Changelog Jan 21, 2022


Open-source Javascript, Web3 authentication, easier onboarding, cross-origin auth docs, and the ultimate guide to Next.js auth - what a week!

What a week! The first few sprints after the holidays came to a close this week, and wow are things moving fast. We had major releases all across the company.

Open-source Javascript

This week we launched our open source Javascript monorepo, clerkinc/javascript.

The change is primarily in response to the community. We tested the waters with open source over the past few months and the result is clear: open source SDKs are better for the community and better for Clerk.

The biggest points that convinced us of this path forward are:

  1. It's easier for the community to build their own SDKs when our official SDKs are public
  2. It's easier for the community to point out issues to us - we've loved receiving PRs or bug reports pointing at a specific line of code
  3. It's easier to support developers when we can point at the code that runs under the hood

Beyond that, our team simply enjoys building in public. We're excited for a future where this changelog can point at PRs being merged.

Web3 authentication

We launched Web3 authentication! Learn more about our motivations and the future roadmap in our Web3 announcement post.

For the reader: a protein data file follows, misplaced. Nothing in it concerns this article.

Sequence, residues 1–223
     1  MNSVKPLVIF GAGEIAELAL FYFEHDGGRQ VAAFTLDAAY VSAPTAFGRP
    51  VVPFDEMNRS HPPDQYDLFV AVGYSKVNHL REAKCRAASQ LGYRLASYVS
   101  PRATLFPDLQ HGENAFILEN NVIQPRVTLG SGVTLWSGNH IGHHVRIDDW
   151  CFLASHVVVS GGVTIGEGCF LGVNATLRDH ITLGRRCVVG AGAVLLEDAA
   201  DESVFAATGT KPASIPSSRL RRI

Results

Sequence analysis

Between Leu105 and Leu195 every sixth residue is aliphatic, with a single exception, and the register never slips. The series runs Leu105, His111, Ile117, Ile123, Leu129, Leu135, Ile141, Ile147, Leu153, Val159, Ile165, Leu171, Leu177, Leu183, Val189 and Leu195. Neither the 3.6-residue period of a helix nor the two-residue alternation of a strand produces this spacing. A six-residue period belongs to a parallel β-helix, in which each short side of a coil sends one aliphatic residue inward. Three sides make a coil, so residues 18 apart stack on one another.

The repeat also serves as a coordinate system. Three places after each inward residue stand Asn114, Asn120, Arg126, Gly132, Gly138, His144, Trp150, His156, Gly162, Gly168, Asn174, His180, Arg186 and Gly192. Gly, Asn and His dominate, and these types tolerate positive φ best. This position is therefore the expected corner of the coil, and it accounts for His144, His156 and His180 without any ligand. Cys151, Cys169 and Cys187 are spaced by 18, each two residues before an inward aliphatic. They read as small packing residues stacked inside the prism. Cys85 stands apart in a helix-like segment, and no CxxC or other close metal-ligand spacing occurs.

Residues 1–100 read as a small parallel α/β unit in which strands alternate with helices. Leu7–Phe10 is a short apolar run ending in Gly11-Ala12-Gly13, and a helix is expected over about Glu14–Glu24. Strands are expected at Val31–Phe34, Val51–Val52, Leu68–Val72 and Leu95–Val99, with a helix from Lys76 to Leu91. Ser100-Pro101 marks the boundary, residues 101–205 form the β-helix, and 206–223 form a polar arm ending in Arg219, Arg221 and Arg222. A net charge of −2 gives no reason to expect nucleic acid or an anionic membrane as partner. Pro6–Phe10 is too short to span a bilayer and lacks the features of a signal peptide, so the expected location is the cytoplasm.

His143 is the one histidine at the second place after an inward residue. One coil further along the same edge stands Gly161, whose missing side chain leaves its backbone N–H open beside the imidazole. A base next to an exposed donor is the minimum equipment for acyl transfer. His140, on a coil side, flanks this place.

Easier onboarding

Our new onboarding offers easy-to-download starter repos, complete with API keys included. These changes make it easier than ever to start a new application on Clerk.

New onboarding screenshot

Improved cross-origin auth documentation

There must be something in 2022's water, because suddenly we received a dozen questions about authenticating cross-origin requests. Indeed, our documentation on this topic was lacking, and we put together a new guide complete with examples for fetch, useSWR, and react-query.

Check out our new guide on authenticating backend requests.

The ultimate guide to Next.js auth

If you've followed this changelog long enough, it's no surprise that we love Next.js at Clerk. This blog was built with Next.js and so was our dashboard.

But authentication in Next.js is a surprisingly challenging problem, and we wanted to put together a more comprehensive guide about why it's hard and the options available.

So far we've written 2 of the 7 chapters we've planned. Check it out here, and stay tuned as we'll continue to add more chapters over the next several weeks.